This seems to be the advice du jour. It is the centerpiece of Dan Pink's recommendations for a better pay delivery model, it sits at the heart of the much touted membership model of pay and it reflects the concerns of many who believe that employers have overstepped in their move to more variable pay and incentives during the economic downturn.
But there is another side to this story that we'd be well-advised to consider. It comes to us today via the article Compensation: HR's 21st Century Fuse Box, written by i4cp's John Gibbons. Gibbons draws a connection between the massive job cuts across major European banks (Bloomberg reports that over 70,000 bank jobs have been cut from the likes of Barclay's, UBS and Credit Suisse) and the shift away from bonus to higher base salaries that began in 2009 in response to public criticism of bank bonus practices. Many of the banks - ignoring the rule that pay dollars at risk are not equal to fixed pay dollars and apparently reasoning that they couldn't cut total cash and retain their talent - simply shifted total comp dollars from the bonus column to the fixed base salary column. Easy as that!
As John notes, this turned out to be a bad idea, particularly in Europe:
Most Americans don't realize that, unlike the U.S. workplace, most European salaries are locked into place by employment contracts that are not flexible once an offer is formally extended and agreed upon with an employee. ...
By shifting the emphasis of total compensation from bonuses to base, European compensation executives committed the fatal mistake of locking their companies into agreements with their employees, which resulted in commitments to continue to pay the high total compensation figures of 2008 - even while the markets continued to deteriorate. And to make matters worse, they made these commitments in Europe, where they had few options but to either continue to commit to these levels of total compensation or resort to layoffs.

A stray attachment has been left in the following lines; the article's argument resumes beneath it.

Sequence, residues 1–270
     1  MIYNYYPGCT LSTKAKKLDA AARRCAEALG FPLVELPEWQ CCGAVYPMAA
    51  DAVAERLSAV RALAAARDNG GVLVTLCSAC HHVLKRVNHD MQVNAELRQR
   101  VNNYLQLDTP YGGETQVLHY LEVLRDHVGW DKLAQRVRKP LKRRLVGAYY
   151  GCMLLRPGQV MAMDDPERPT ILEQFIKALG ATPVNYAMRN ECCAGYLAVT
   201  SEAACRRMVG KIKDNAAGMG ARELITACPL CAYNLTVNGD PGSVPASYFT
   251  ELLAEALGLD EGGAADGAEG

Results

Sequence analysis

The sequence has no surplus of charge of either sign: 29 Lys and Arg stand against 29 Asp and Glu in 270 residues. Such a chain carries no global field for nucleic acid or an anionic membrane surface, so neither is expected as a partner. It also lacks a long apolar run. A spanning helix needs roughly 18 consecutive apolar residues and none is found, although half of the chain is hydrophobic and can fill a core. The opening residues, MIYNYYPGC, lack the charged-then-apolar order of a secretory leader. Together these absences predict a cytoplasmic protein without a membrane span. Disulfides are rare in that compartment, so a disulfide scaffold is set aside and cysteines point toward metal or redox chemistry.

Now we are seeing the results of these compensation executives' decisions - more than 70,000 banking layoffs in Europe since July.
Premium salaries and low-risk pay plans are an attractive idea, and I believe that they have application in some circumstances. They are not, however, a choice that should be made without careful consideration of what the future could bring. Because when we aren't thoughtful and forward-thinking about shifting cash compensation from variable forms into fixed base salaries, we are not really protecting our employees from risk. We could be, in fact, exchanging pay risk for job risk, the latter of which presents little upside (when you have a job, you have a job) and enormous downside.
Let's be careful out there, shall we?
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